The third release for Warner Classics from the award-winning, critically acclaimed Swiss violinist Rachel Kolly d'Alba.
Rachel Kolly D'Alba says: "American Music... seems to discourage any choice between lowbrow and highbrow, so powerfully does it express one key concept - fellowship. All kinds of different music coexisted in the States throughout the twentieth century, and the boundaries between different styles simply vanish when it comes to works such as Gershwin's Porgy and Bess or Bernstein's Serenade. Their origins are secondary: what matters is the message they convey."
Nominated for the ICMA Concerto Award in 2013
Classical CD Choice
"AMERICAN SERENADE: BIZET, BERNSTEIN, WAXMAN Rachel Kolly d’Alba, violin, Orchestre Nationale des Pays de la Loire, John Axelrerod, Warner Classics Three winning and attractive pieces (two of them transcriptions) which make a lively and undemanding programme. Some may be given pause by the surprising number of photographs of the violinist herself, but that’s no doubt an imperative of the art of selling classical music today."
BBC Radio 3 - CD Review
“beautifully played” and “the playing is wonderful”
BBC Music Magazine - March 2013 *****
“... only comparatively rarely does a player emerge who is so musically engaging that one barely notices the technical means involved. Rachel Kolly d'Alba is one of the gifted few who never lapses into interpretative rhetoric or cliché, but lives through the music as though it has taken her over. ... She rides the surging tide of Gershwin's imagination with unforced freshness and spontaneity. ... the stand-out performance here is arguably the Waxman Carmen Fantasie, in which Kolly d'Alba turns every arabesque, flying harmonic and octave flourish into compelling musical matter. ...”
ECHO Découverte - Février 2013
"...Avec un brio exceptionnel, la violiniste virtuose fribourgeoise se joue des difficultés techniques de ces pièces comme si elle avait baigné dans cette musique depuis son enfance. ... elle excelle à mettre en évidence les couleurs et les vibratos, les rythmes endiablés et les confidences, la mélancolie et l'euphorie dont la passion d'amour est toujours porteuse."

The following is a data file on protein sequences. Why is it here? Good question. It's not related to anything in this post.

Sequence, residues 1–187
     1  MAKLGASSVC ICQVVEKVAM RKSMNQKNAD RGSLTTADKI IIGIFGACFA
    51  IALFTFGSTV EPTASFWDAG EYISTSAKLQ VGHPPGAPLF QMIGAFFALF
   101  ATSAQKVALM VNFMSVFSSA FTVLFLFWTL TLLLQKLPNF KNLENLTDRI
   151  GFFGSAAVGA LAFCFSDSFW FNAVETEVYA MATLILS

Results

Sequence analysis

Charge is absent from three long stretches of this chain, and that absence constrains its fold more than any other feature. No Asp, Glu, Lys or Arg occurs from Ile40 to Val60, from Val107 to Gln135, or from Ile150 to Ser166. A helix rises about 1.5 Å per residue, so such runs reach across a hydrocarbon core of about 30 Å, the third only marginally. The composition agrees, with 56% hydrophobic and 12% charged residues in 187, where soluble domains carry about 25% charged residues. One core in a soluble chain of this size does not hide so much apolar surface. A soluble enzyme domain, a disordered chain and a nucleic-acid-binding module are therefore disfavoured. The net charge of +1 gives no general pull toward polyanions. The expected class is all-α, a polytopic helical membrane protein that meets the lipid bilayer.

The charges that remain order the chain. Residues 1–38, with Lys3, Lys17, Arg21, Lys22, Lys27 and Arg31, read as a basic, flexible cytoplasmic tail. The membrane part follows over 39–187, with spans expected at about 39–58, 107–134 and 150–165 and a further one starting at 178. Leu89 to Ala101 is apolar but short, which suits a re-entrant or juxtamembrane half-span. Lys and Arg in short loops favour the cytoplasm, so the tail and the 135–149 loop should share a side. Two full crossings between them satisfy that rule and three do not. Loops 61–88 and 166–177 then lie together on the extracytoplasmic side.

FANFARE May 2013
Alexander Courage’s lavish arrangement of numbers from George Gershwin’s Porgy and Bess features a violin part that sounds both brilliant and idiomatic. Jascha Heifetz transcribed some of these pieces for violin and piano; his versions likely haunt violinists listening to Gershwin’s melodies whenever they’re belted out by a violin. But Courage’s Fantasy and violinist Rachel Kolly d’Alba’s performance should set echoes of their own flying. Heifetz doesn’t even seem to inhabit the shadows cast by “It Ain’t Necessarily So” in this reading (or “Summertime,” to which Courage, d’Alba, and conductor John Axelrod bring a stylish sultriness that suits it almost as well as did Heifetz’s nearly overheated intensity. The violinist’s languid reading of “Bess, You Is My Woman Now” also manages to break free from Heifetz’s mold, partly due to the richly suggestive orchestration. The Fantasy concludes with an Andantino con molto calore and a Cadenza and Finale (brief cadenzas also provide transitions between several of the movements, for example, at the end of “There’s a Boat Leavin’”).
Leonard Bernstein’s Serenade, scored for solo violin, strings, harp, and percussion, which, d’Alba suggests in her booklet notes, the composer considered his best work, occupies the middle of the program. D’Alba’s shimmering, pure tone soars in the first movement, “Phaedrus,” far above Axelrod’s sonorous accompaniment, recorded with a minute attention to detail by Warner’s engineers; and both violinist and orchestra play the Allegro with jaunty playfulness. They’re appropriately tentative, and later, elfin, in Aristophanes , but however strong her adherence to the program, d’Alba’s playing consistently affords a sort of sensuous pleasure in and of itself, both tonally and technically. That’s true even in the scherzo-like Eryximachus. Agathon , which features the kind of rapt meditative passages to which violinists have become accustomed in works by 20th-century composers like Shostakovich, and d’Alba’s pure and slender tone proves wholly adequate to the intensity of its climactic passages. Axelrod transmits the high oratory in the opening of Socrates : in Alcibaides , and he and d’Alba allow the music to subside in hushed reflection before the boisterous conclusion. In design and execution (as well as in its recorded sound), this performance goes beyond the early recordings of Isaac Stern and Zino Francescatti, and even Gidon Kremer (all with the composer conducting). For example, the jazzy interjections by percussion and pizzicato bass sound almost startling—though idiomatic—here. Franz Waxman’s Carmen Fantasy , played by Isaac Stern in the movie, Humoresque , later became a repertoire staple, slowly even supplanting Pablo Sarasate’s Fantasy on some of the same operatic tunes (Jenő Hubay’s reworking of the melodies has never reached the same level of popularity). Rachel Kolly d’Alba plays it with an almost over-the-top joie de vivre and smoldering expressivity that render it highly entertaining as well as highly impressive.
In Fanfare 34:1, I recommended d’Alba’s version of Eugène Ysaÿe’s solo sonatas (Warner 2564 6838-5) “almost exclusively to those willing to exchange some slash or even technical security for additional poetry, some introverted brooding for straightforward good cheer, and some of the sonatas’ darker hues for pastels.” But these very qualities make her brilliantly successful in this American repertoire. Urgently recommended. Although it may be too early to be compiling a Want List, something as prepossessing as this most certainly ought to be in strong contention.